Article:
Submission + - Asus Eee PC Hands-On, Competition For The OLPC

MojoKid writes: Asus made quite a splash at the Computex show last week with the introduction of their Eee PC, a low cost, highly portable machine slated to compete with the OLPC project. At price points of $199 and $299 for 4GB and 8GB Solid State Flash drive equipped models, the Asus Eee PC looks to be formidable. This exclusive first-ever hands-on showcase of the machine shows the two interfaces of its Linux-based operating system as well as its modes of operation, pre-installed open source Office software and other applications like Skype. The ASUS Eee PC will be available world wide, in full production quantities in Q3 this year. It is rumored to have a street date of mid August.

Apple Safari On Windows Broken On First Day 595

An anonymous reader writes "David Maynor, infamous for the Apple Wi-Fi hack, has discovered bugs in the Windows version of Safari mere hours after it was released. He notes in the blog that his company does not report vulnerabilities to Apple. His claimed catch for 'an afternoon of idle futzing': 4 DoS bugs and 2 remote execution vulnerabilities." Separately, within 2 hours Thor Larholm found a URL protocol handler command injection vulnerability that allows remote command execution.
United States

Submission + - Lifting H-1B Caps Heralds 'In-Sourcing' Surge

An anonymous reader writes: 'In-Sourcing' is the name for new scourge of the American high-tech worker, argues InformationWeek blogger Alexander Wolfe. He's coined that term in response to the call from Google, Bill Gates, and other captains of tech industry to lift the current cap of 65,000 H-1B visas, which allow foreign nationals to fill U.S. tech jobs when companies claim they can't find qualified domestic workers. Writes Wolfe:"Having winnowed the domestic pool of highly experienced IT and engineering talent by hounding thousands out of the business through years of layoffs and false complaints about the math-smarts of American students, big business has hit on the latest tack for controlling high-tech labor costs: In-source the jobs it was previously outsourcing, by getting the government to lift the cap on H1-B visas." But he says he doesn't blame Google; he blames Bill Gates, and NY Times columnist Tom Friedman, who claims there's been a steady erosion of science education in U.S. schools. "What engineering school did Friedman attend?" Wolfe asks. Do you agree that this "crisis" is hurting the U.S. tech community, or is there a legitimate shortage?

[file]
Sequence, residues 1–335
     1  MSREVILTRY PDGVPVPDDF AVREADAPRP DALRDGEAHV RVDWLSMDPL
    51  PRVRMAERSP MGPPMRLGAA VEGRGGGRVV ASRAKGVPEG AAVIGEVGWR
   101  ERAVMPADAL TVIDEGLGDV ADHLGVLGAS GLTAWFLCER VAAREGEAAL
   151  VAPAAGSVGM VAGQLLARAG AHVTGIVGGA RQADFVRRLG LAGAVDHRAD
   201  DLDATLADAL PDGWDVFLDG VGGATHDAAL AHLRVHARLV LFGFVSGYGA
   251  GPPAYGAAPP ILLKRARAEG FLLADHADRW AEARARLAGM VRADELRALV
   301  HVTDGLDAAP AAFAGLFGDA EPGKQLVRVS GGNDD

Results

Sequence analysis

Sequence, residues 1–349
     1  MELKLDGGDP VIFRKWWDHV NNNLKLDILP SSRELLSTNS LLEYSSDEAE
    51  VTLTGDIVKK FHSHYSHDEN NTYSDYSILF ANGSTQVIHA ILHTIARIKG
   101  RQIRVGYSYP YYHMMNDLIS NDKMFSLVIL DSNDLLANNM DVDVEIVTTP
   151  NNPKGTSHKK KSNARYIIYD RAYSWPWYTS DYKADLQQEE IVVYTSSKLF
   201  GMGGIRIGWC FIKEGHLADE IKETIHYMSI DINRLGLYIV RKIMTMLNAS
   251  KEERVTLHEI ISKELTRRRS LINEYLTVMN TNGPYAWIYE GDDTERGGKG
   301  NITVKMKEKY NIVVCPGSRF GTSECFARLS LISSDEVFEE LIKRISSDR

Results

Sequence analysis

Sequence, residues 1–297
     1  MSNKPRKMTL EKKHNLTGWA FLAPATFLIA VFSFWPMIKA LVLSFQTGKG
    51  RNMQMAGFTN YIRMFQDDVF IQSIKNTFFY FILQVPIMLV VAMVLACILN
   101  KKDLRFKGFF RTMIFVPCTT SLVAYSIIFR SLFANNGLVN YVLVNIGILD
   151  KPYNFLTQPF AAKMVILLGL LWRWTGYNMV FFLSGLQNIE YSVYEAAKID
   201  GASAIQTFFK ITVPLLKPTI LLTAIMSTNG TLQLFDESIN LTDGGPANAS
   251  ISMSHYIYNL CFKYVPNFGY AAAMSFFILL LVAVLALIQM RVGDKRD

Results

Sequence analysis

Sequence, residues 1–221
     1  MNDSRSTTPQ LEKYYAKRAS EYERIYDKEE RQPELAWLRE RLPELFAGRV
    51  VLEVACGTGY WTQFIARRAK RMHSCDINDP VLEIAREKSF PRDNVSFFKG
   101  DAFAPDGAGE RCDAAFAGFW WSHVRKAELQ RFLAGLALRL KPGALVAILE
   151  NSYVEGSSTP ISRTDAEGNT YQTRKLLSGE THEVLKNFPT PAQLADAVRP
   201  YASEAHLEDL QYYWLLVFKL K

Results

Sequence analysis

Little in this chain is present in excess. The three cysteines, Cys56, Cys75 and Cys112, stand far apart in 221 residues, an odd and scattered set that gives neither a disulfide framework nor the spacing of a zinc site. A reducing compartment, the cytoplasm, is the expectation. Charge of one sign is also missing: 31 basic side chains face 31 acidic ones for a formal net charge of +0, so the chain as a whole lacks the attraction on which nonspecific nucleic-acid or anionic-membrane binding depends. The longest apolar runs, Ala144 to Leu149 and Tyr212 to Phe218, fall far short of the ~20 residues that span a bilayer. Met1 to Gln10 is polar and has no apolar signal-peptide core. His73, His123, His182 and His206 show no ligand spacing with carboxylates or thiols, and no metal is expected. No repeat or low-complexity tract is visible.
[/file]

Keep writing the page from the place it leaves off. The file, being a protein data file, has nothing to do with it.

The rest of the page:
Submission + - Asus and Intel challenge OLPC with Eee PC (zdnet.com)

fl!ptop writes: "George Ou at ZDNet says, "The user interface of the OLPC doesn't even feel worth of a cheap fisher price toy" but raves about a new Asus/Intel super cheap UMPC. "The ASUS Eee computer will cost a mere $199 for the 7" LCD model whereas the so-called $100 OLPC costs $175. Given the fact that Eee can run Linux or Windows XP and it can boot off NAND flash memory in a mere 15 seconds, the Eee slaughters the OLPC with ease." C|Net has some more information on the Eee PC when it was introduced at Computex last month in Taiwan."
Technology (Apple)

Submission + - ZFS To Become Default File System In Leopard (macrumors.com)

An anonymous reader writes: Posted on macrumors.com:
Perhaps overcome with excitement (and forgetting that Apple doesn't like such pre-emptive disclosures), Sun's Jonathan Schwartz announced today at Sun event in Washington D.C. that Apple would be making ZFS "the file system" in Mac OS 10.5 Leopard (video link, requires RealPlayer).

Quote: In fact, this week you'll see that Apple is announcing at their Worldwide Developer Conference that ZFS has become the file system in Mac OS 10. Rumors of Apple's interest in ZFS began in April 2006, when an OpenSolaris mailing list revealed that Apple had contacted Sun regarding porting ZFS to OS 10. The file system later began making appearances in Leopard builds.